How much do you know about Malaysia’s past? For many Malaysians, the de facto history of this country began with the emergence of the Sultanate of Malacca in the early 15th century, followed by four and a half centuries of successive European imperialism until the declaration of independence from the dismantling British Empire in 1957.
So does that mean we don’t have any history before that?
On our way to historic Lembah Bujang: a lush paddy field in Yan district, Kedah
In actual fact, we do have a rich and illustrious past, but sadly this part of history is often overlooked and hasn’t been given enough attention and emphasis to leave a lasting impression on the minds of the people. Here’s my rant: unlike other countries in the region which share similar cultural backgrounds (say, Indonesia), Malaysia pretty much scorns her pre-Islamic past and anything that is associated with that spiritually unenlightened period. One thousand years of history prior to Malacca’s rise to power and glory is being deliberately washed down the drain, leaving it largely ignored, forgotten, and erased from popular memory.
Merbok town, gateway to the archaeologically rich Lembah Bujang complex
Here’s another lesser known fact: when the Sultanate of Malacca was founded by the Sumatran prince Parameswara in 1402, it was first established as a Hindu kingdom before becoming an Islamic sultanate in 1409 upon the prince’s marriage to a Muslim princess of Pasai and his simultaneous conversion to Islam (though some disputed his conversion as there is no clear evidence that he had actually converted; his actual grave is still yet to be found. Had he remained a Hindu, it is likely that his body was cremated in accordance to Hindu rites, which would then explain the missing grave.)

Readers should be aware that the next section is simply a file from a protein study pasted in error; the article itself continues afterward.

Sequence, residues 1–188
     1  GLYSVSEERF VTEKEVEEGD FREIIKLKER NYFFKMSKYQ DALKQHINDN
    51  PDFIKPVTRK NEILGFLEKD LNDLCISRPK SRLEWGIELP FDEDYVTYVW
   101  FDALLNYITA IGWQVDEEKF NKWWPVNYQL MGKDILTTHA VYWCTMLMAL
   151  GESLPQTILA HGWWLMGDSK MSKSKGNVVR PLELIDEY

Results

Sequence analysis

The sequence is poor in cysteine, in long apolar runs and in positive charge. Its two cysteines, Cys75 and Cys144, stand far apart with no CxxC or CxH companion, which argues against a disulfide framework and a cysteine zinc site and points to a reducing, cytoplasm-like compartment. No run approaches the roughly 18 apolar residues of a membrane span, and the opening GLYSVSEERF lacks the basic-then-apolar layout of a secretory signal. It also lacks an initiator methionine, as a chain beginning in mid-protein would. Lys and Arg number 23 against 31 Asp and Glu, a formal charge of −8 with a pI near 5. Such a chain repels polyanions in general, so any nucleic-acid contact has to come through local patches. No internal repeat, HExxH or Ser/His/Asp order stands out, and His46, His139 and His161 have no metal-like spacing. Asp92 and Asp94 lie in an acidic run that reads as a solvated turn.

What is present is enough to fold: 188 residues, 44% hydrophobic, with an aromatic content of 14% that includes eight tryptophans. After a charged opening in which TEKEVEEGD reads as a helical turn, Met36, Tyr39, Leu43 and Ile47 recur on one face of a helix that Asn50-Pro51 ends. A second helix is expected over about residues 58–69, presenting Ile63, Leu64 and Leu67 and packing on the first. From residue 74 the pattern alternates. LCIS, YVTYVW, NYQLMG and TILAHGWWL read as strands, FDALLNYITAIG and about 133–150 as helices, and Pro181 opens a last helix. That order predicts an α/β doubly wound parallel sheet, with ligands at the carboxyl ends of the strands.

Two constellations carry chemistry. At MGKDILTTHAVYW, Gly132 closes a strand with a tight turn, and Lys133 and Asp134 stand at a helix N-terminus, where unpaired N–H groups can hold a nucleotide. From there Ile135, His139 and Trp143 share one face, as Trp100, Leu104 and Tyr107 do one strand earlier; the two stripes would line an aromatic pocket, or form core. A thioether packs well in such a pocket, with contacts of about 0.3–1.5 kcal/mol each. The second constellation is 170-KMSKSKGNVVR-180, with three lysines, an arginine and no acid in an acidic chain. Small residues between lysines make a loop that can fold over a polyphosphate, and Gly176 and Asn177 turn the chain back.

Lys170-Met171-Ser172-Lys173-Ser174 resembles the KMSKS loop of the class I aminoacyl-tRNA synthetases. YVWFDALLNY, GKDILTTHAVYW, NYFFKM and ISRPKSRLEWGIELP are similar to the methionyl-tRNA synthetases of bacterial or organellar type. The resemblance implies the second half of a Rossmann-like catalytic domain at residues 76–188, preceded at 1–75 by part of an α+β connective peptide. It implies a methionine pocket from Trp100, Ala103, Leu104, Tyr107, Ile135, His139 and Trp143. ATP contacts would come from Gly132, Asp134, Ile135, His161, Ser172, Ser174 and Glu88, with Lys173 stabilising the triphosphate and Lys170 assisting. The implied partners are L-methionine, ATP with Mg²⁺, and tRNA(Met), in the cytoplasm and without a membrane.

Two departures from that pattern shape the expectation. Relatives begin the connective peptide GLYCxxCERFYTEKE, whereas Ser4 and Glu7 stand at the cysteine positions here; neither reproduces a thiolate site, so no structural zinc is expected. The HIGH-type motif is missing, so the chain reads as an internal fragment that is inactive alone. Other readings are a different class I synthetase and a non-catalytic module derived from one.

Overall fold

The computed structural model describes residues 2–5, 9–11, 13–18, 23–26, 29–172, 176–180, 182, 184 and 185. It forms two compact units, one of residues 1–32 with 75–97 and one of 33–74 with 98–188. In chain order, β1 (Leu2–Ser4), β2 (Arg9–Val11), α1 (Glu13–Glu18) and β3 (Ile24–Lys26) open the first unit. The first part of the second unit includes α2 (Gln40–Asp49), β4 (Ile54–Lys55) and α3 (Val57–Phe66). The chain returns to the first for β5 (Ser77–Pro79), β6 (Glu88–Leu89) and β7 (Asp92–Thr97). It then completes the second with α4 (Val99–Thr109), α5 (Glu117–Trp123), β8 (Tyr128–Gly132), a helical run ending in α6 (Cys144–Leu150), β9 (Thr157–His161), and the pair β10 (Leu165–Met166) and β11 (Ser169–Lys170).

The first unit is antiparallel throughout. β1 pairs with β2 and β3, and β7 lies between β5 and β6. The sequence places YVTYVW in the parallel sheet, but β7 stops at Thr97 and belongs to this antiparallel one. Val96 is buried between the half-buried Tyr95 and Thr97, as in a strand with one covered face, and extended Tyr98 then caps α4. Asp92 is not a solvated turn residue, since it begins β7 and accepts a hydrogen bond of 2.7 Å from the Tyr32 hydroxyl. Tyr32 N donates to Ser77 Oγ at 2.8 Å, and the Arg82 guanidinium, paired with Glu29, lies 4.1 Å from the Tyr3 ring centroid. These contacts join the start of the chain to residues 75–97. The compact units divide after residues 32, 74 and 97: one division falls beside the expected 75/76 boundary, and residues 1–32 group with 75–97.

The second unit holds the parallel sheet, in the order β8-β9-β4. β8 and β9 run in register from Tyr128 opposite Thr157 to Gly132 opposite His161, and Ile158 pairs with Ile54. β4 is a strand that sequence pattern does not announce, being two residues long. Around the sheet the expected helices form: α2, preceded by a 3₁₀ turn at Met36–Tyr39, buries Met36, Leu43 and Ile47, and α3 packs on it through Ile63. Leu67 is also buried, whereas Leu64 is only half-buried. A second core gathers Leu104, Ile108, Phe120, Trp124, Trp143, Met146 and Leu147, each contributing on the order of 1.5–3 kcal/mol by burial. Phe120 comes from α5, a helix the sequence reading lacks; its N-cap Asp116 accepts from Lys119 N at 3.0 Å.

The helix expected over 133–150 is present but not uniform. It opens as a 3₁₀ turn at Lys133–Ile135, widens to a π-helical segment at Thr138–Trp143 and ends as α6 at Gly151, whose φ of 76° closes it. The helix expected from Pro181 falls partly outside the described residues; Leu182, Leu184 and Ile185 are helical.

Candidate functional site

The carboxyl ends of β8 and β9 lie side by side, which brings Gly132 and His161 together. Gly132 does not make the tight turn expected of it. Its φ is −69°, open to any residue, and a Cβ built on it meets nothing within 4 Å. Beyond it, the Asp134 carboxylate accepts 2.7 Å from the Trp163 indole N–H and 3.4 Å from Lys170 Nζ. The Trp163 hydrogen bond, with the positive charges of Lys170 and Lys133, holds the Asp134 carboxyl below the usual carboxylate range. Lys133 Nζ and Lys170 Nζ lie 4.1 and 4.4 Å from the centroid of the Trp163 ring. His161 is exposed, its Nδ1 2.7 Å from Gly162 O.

And did you know that the 2nd and 4th sultans of Malacca were practising Hindus despite assuming Muslim royal titles and names? This, along with the 7-year gap of the kingdom’s Hindu beginnings are muted and not mentioned even once in our history books. You be the judge.
The small and unpretentious Archaeology Museum of Bujang Valley. Admission is free as the tourism potentials of Lembah Bujang aren’t fully developed and exploited yet.
Now let’s get back to the topic. Lembah Bujang (Bujang Valley), situated in my home state of Kedah, is the richest archaeological area to be unearthed in Malaysia. Spanning a period of almost 1,500 years, the sprawling 224km² ancient complex is one of the early Indianized settlements to flourish in the Malay Peninsula, together with other legendary lost kingdoms like Langkasuka (Kedah-Pattani), Pan Pan (Kelantan/Terengganu), Chi Tu (Kelantan/Pahang/Songkhla-Pattani), and Gangga Negara (Perak). It is believed to be a part of Kadaram (Old Kedah), the ancient civilization that preceded the modern-day Sultanate of Kedah.
The expansion of Indian maritime trades throughout that period resulted in the adoption of Indian cultural and political models by all these kingdoms, a move that left a significant impact on the development of the language and culture of the Malay people up to the present day. The rulers and subjects of that period were either Hindu or Buddhist ~ both great Indian exports, but the arrival of Islam in the second millennium and the creation of new Muslim states soon brought to the eventual demise of the indigenous Malay Hindu-Buddhist civilizations.
Ancient Hindu bas-reliefs
These delicate Buddhist relics allow us a rare glimpse of the superb craftsmanship of the ancient Malay artisans
A miniature model of the Hindu Candi Bukit Batu Pahat (candi: ancient temple), the mother temple in Lembah Bujang. Its precise construction date is disputed; the temple was built either in the 7th-8th century or more recently in the 12th-13th century.
Important archaeological finds in Kedah, mostly concentrated in Lembah Bujang, where the banks of the Merbok River provided a great and fertile environment for early settlements and trades
3rd-century remains of the Perahu Sagor (Sagor Boat), a traditional sailing boat made from a single log and was the main transportation used by the locals to trade at the Merbok River estuary in Lembah Bujang
A forward-thinking country that appreciates her past, good or bad, would not hesitate to tap on the huge tourism potentials of such a rich historic site by vigorously promoting it to the whole world. But I don’t see that happening here. Why isn’t the Malaysian Government putting enough effort into this? Of all major Malaysian tourism promotional materials and advertisements, I don’t even see a shadow of Lembah Bujang nor the mere mention of its name. This is so utterly ridiculous!